The fight, unfortunately, did not live up to the billing. Perez is a hard guy to look good against, as he’s smart and not afraid to fight dirty, but they both came out seemingly tentative and careful of the other guy’s power. The first round, very much a feeling out round, did not have much action and I scored that one even as I didn’t feel either guy deserved it.

The next few rounds seemed to belong to Perez, as he was slicker and, surprisingly, looked faster than Jennings, beating him to the punch multiple times and landing the better shots. Jennings stayed in the fight by taking a round or two, but halfway through Perez seemed to be ahead.

Beginning in the 7th round, the fight turned on conditioning, as Jennings seemed to have more energy and pop and Perez began to resort to leaning on Jennings and tying him up, making the fight ugly and the crowd restless. Regardless, Perez’s wrestling wasn’t enough to win him rounds here as Jennings began to find a home for his short chopping uppercuts in close and do some serious damage to him throughout the second half of the fight, winning every round but one after the 6th on my card to finish the match.

In what was apparently controversial to those watching on TV (I did not hear any complaints about it live at the fight) referee Harvey Dock took a point from Perez for a late punch while Dock was separating the two fighters during a tie-up in the 12th. This ended up having a HUGE impact on the result of the fight–Jennings won a split decision on scores of 114-113, 115-112 and 113-114, meaning that one judge had it for Perez and one had it to Jennings by just one point–the point that Dock took from Perez in the last round. Without that deduction, this fight would have been a draw. I didn’t have an issue with the deduction as the hit was egregious; a dangerous punch, dirty and very, very late. I do feel the right man won the fight in the end.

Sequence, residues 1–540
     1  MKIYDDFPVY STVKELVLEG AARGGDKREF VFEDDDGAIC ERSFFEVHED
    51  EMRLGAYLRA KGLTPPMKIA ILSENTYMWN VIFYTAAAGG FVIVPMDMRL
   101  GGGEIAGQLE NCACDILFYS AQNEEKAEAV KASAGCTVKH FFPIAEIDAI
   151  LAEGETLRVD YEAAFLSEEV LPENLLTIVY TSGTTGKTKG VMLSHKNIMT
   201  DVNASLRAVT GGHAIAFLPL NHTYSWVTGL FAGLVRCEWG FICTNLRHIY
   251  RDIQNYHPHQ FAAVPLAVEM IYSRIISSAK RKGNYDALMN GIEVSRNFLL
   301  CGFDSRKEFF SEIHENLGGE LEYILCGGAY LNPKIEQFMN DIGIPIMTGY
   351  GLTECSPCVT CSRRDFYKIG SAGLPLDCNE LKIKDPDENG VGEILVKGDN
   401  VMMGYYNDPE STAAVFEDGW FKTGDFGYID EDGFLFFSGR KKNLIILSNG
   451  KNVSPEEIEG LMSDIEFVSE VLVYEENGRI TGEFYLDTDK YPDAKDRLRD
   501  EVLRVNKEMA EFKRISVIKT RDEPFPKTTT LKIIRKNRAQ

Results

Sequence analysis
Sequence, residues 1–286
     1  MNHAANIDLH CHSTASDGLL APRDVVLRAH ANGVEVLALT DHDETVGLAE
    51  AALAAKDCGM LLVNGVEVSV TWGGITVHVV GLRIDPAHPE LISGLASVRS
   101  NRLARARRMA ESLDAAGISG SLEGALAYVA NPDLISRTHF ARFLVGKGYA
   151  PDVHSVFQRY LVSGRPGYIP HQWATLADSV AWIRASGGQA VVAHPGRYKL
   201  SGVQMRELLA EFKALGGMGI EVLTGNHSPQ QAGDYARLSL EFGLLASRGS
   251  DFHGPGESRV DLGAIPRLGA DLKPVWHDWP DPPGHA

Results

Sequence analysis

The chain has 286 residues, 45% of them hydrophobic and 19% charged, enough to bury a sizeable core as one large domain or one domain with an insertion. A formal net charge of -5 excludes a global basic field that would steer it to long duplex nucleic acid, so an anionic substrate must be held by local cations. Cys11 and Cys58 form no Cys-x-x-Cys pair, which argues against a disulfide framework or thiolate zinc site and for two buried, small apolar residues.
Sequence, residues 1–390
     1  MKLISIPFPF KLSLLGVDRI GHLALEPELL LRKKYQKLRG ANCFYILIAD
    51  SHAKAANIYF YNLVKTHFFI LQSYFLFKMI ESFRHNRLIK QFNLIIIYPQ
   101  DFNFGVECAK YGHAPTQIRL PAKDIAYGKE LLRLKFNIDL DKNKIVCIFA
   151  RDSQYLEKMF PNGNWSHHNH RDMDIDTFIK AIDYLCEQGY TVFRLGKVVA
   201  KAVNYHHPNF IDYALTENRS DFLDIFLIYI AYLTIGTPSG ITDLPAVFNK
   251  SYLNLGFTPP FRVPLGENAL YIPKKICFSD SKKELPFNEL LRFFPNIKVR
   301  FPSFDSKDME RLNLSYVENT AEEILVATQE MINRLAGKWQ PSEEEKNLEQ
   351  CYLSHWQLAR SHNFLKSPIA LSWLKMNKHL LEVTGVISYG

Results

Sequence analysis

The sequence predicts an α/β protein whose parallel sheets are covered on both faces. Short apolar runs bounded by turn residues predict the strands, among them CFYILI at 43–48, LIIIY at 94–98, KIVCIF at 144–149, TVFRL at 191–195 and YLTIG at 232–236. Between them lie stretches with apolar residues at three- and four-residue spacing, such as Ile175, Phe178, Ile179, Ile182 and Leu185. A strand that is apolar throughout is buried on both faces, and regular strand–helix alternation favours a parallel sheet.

Overall, neither guy really did himself any favors with the crowd here, but Jennings got the W and that’s all that matters at the end of the day. He now puts himself in line for a title shot–against who, it will remain to be seen. Perez is a hard guy to look good against, so I still hold up hope that Jennings will go on do some damage and solidify himself as a top heavyweight for the next few years. Perez is going to be there–he can bang with anybody in the division not named Wladimir Klitschko, and while I doubt he’ll ever be a name fighter, he’s a solid match for everybody and hopefully seems to have gotten over the result of the Abdusalamov fight.

Fight Recap: Ola Afolabi RTD 3 Anthony Caputo Smith

Ola Afolabi knocks down Anthony Caputo Smith. Photo Credit: BoxingScene.com